Last week at the Mall, I took a few mall scenes, trying to surreptitiously capture the locals. Often I find the traditional dress beautiful, but I don’t quite have it in me to ask the black-draped covered women or the men in their crisp whites for close-ups. So I catch them gliding by, peering into phones, waiting in lines.
I really like to people watch and as you can see by the woman looking over the banister, they like to do that too.
There is some kind of ineffable quality to the traditional dress.
The woman move in this especially elegant way. The way they hold themselves and their designer purses, how they walk with heels poking out of the black silky robes, screams class and sophistication.
The people who live in the area of the Persian Gulf- called here the Arabian Gulf- typically wear the traditional thwabs and abayas. Thwab is the white male garment, and it has different names in different countries. In the UAE, I have heard it named kandorah or dishdasha most often. It is said that the head dress of the man used to indicate what gulf country he is from, but is now more of a style choice.
This satellite image shows the sand dunes in the Empty Quarter:
This is one of the reasons wearing ankle length clothing that covers your arms and legs makes a lot of practical sense. You are protected from the blowing sand and harsh sun.
Now people are not living in the carpeted, nomadic tents of the bedouin tribes they come from.
Men do hunt and dune bash, but the dress is more a source of cultural pride and can be a kind of status symbol. The leading couture designers of the West produce abayas and kandorahs.
Of course the clothing has taken on religious significance and can be very contentious politically.
Here it is just totally normal.
I liked the way the line of woman were passing the line of the men in white, with the checkered floor in the back ground.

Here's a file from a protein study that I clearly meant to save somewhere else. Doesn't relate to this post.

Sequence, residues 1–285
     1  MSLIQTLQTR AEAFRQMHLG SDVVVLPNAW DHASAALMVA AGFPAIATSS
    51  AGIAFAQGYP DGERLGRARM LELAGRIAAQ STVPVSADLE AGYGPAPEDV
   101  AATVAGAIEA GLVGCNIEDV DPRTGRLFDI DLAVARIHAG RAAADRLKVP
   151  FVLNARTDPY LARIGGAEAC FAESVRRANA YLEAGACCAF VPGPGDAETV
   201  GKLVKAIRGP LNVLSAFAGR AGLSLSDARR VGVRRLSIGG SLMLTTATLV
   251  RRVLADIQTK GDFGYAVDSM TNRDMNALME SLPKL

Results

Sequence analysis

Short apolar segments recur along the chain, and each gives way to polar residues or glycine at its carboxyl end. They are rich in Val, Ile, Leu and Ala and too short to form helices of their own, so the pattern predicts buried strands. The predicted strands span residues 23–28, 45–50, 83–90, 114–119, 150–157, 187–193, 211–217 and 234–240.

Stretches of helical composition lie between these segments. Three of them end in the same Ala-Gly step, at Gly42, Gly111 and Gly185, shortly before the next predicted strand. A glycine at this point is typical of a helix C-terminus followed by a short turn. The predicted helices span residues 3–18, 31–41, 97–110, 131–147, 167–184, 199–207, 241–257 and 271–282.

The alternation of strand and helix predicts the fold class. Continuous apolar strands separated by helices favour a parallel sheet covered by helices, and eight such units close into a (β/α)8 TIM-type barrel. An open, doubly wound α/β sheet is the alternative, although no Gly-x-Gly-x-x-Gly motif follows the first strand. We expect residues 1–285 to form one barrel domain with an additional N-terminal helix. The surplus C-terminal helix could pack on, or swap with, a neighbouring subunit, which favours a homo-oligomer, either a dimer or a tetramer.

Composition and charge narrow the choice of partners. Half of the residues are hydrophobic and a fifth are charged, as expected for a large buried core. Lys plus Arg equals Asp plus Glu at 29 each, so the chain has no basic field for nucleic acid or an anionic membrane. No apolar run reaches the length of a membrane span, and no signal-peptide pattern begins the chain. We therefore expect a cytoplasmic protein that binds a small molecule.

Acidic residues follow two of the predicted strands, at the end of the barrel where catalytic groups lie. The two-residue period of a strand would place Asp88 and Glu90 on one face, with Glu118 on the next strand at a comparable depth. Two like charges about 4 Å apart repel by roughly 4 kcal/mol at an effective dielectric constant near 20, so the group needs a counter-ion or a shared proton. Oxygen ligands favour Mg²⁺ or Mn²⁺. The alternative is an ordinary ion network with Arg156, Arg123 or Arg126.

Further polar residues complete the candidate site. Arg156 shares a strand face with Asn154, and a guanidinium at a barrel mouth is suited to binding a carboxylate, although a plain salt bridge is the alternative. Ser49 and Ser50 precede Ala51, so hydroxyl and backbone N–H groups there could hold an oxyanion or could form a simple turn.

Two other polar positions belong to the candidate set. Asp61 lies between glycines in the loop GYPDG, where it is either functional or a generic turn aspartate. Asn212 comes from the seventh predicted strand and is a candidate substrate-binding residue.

The men and the women have different ways of styling the head scarves. Men have these knitted caps, ghafiyah. It is a Muslim prayer hat, which reminds me of the Jewish one called a kippa. The ghafiya also holds the cloth headscarf in place. The scarf is called guthra and also has a black cord, the egal, that ties everything in place. When they were bedouins, not that long ago, living in the desert, the egal was used to tie up their camel’s feet.
The men’s guthras are typically white or red and white checkered. There are so many ways to wear the guthra, these three pics from the internet are just a small sampling. The top one, ‘cobra style’ is from Stephanie Ravel and her project, “Typology: My ghutra is me” . The second is a press shot about a Omar Borkan Al Gala, an actor who is so handsome, he was kicked out of Saudi Arabia and the third is the Prince of Dubai, Hamdan.
The shayla is the part of the women’s abaya that covers her head and these are also worn in a variety of styles. A large bun is sometimes constructed beneath the shayla to give it more height.
Some younger woman nowadays wear the robe, but leave their hair flowing free.
Older woman have these bronze pieces that cross their face. It was the traditional style, but I have only seen it on the older woman.
I could never take the photo below, of a woman who covers her whole face, except the eyes, because I wouldn’t have the guts to ask for permission.This is also a common style here and one that makes me much more uncomfortable. Not to say it is wrong. It just makes me personally more uncomfortable. I am also uncomfortable with leggings as pants paired with crop tops, or booty shorts with butt cheeks hanging out. Also high waisted pants. Why are these making a comeback?